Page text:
Chapter 4

‘Citizens vs. Consumers: 0 - 1’: Is Consumption Behaviour Congruent with Citizens’ Attitudes towards Sustainable Pork Production?

Athanasios Krystallis

Abstract

This chapter describes the results of a quantitative survey carried out with the aim to examine whether peoples’ role as citizens (i.e. attitudes towards sustainable pig production systems) impacts on their role as consumers (i.e. actual consumption of pork products). A conjoint experiment was implemented in order to investigate consumers’ attitudes towards pig production systems based on a number of pig farming characteristics. Based on the results of conjoint analysis, cluster analysis was implemented in order to identify consumer segments with varying preference towards more or less sustainable pig farming types. Respondents’ socio-demographic profile, wider attitudes towards various aspects related to sustainability, technology and food production, as well as consumption frequency of various pork products were also used to develop the profile of the segments. Results of the conjoint experiment showed that consumers assigned more importance to animal and environmental well-being as criteria to discriminate between ‘good’ and ‘bad’ production systems; however, their general attitudes towards issues like environmental protection, animal welfare, technological progress or industrial food production were only moderately strong. Moreover, results of cluster analysis pointed towards the existence of certain small, albeit clearly-cut clusters, which paid attention to specific attributes of more sustainable pig farming and consumed slightly less frequently selected meat product types. Nevertheless, the large majority of participants were classified into clusters of indifferent or ambiguous consumers, with very ‘weak’ attitudinal profiles and very high consumption frequency of a large variety of pork products. In conclusion, wider attitudes towards environment and nature, animal welfare and the need for an environment-friendly food production were indeed related to citizens’ specific attitudes towards pig farming at the cluster level. However, people’s positive attitudes towards sustainable farming did not differentiate significantly their pork consumption behaviour from the vast majority of the people holding weak sustainability-related attitudes.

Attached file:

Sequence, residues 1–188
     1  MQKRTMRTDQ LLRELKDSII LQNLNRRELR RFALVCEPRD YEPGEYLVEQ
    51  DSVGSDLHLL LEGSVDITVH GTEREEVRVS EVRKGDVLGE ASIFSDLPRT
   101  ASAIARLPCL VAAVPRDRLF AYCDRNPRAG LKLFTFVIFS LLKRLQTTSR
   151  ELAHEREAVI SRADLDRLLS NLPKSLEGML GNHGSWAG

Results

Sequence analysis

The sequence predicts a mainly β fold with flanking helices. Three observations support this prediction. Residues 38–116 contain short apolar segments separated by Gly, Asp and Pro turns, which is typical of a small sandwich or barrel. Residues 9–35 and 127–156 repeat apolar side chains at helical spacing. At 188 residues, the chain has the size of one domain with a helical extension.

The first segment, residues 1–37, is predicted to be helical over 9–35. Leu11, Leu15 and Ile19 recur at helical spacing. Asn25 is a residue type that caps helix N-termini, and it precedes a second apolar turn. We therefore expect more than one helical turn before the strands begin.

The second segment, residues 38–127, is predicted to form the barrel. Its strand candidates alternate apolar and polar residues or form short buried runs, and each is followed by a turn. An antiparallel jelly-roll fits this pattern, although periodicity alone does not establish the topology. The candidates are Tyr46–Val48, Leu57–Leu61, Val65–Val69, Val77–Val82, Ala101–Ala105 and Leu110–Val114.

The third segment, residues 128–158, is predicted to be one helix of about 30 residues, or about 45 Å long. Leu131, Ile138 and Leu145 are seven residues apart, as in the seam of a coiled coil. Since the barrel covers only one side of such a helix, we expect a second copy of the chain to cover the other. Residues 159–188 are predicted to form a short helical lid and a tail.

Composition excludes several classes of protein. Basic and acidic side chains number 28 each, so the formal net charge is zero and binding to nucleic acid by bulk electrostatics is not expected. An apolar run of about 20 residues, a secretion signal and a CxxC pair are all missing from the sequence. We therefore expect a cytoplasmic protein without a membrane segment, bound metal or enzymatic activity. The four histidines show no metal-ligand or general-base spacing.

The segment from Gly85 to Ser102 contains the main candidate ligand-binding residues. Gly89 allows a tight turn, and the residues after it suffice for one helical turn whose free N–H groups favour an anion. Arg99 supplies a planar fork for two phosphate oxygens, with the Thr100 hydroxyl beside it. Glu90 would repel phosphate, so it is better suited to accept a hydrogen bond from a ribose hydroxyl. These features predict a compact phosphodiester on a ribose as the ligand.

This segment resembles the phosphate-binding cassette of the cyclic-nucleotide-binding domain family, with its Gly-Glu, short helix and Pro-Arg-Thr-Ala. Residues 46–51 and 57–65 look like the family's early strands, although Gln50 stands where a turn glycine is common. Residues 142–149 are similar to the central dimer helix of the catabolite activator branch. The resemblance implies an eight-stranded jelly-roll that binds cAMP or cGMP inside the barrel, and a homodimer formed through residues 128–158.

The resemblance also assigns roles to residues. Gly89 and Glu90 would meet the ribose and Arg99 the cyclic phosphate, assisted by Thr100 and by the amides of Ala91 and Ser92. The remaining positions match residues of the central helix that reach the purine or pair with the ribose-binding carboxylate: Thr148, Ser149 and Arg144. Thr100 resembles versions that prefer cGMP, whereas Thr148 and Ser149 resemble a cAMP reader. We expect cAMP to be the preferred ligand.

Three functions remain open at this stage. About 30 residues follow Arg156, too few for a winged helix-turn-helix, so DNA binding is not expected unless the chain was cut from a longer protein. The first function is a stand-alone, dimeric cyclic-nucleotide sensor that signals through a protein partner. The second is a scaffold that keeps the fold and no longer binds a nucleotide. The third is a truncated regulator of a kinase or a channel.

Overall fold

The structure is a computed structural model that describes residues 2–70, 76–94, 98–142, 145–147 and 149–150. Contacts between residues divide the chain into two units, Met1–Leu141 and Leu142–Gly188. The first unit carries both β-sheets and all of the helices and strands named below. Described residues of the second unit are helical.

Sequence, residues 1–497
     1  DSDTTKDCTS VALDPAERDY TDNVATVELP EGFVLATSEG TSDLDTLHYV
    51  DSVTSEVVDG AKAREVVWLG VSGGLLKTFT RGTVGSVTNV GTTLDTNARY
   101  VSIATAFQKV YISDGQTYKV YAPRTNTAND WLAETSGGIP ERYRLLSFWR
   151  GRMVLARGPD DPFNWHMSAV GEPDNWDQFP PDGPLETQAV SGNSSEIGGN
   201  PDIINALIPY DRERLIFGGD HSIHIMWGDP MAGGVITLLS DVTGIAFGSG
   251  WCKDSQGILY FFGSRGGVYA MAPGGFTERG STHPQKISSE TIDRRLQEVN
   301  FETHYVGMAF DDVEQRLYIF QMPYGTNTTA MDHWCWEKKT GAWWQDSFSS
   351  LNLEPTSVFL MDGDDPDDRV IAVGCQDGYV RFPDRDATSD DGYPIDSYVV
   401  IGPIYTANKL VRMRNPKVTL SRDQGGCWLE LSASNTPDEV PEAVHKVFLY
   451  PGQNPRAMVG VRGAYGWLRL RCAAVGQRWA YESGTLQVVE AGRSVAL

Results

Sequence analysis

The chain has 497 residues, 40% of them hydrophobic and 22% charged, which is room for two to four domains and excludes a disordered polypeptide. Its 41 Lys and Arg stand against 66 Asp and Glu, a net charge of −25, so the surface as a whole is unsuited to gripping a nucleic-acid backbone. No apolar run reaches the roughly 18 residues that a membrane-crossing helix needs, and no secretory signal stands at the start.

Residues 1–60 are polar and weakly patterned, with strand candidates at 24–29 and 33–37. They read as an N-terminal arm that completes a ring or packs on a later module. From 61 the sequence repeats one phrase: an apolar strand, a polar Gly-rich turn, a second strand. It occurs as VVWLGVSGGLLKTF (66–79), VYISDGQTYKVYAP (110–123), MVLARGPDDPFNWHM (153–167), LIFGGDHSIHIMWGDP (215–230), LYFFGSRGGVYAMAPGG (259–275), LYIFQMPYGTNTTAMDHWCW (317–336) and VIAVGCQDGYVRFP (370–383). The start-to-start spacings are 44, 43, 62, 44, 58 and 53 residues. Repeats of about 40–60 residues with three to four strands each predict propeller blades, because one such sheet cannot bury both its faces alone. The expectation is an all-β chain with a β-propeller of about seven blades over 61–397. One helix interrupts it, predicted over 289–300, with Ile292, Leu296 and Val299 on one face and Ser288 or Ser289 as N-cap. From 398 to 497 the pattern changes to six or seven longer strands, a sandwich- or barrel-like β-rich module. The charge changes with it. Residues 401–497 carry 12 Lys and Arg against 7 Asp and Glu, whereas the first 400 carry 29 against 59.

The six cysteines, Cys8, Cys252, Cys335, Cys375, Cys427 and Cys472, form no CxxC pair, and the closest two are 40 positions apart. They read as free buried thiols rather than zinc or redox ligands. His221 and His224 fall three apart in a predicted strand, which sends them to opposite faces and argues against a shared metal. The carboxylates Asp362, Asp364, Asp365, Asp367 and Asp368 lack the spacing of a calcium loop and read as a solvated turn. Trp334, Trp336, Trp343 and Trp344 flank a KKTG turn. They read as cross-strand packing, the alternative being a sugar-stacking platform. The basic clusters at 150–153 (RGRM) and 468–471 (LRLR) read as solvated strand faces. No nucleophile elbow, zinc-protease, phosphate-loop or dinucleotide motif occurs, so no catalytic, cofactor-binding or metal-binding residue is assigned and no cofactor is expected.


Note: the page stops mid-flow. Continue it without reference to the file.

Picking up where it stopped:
Total Pages: 73-97 (25)

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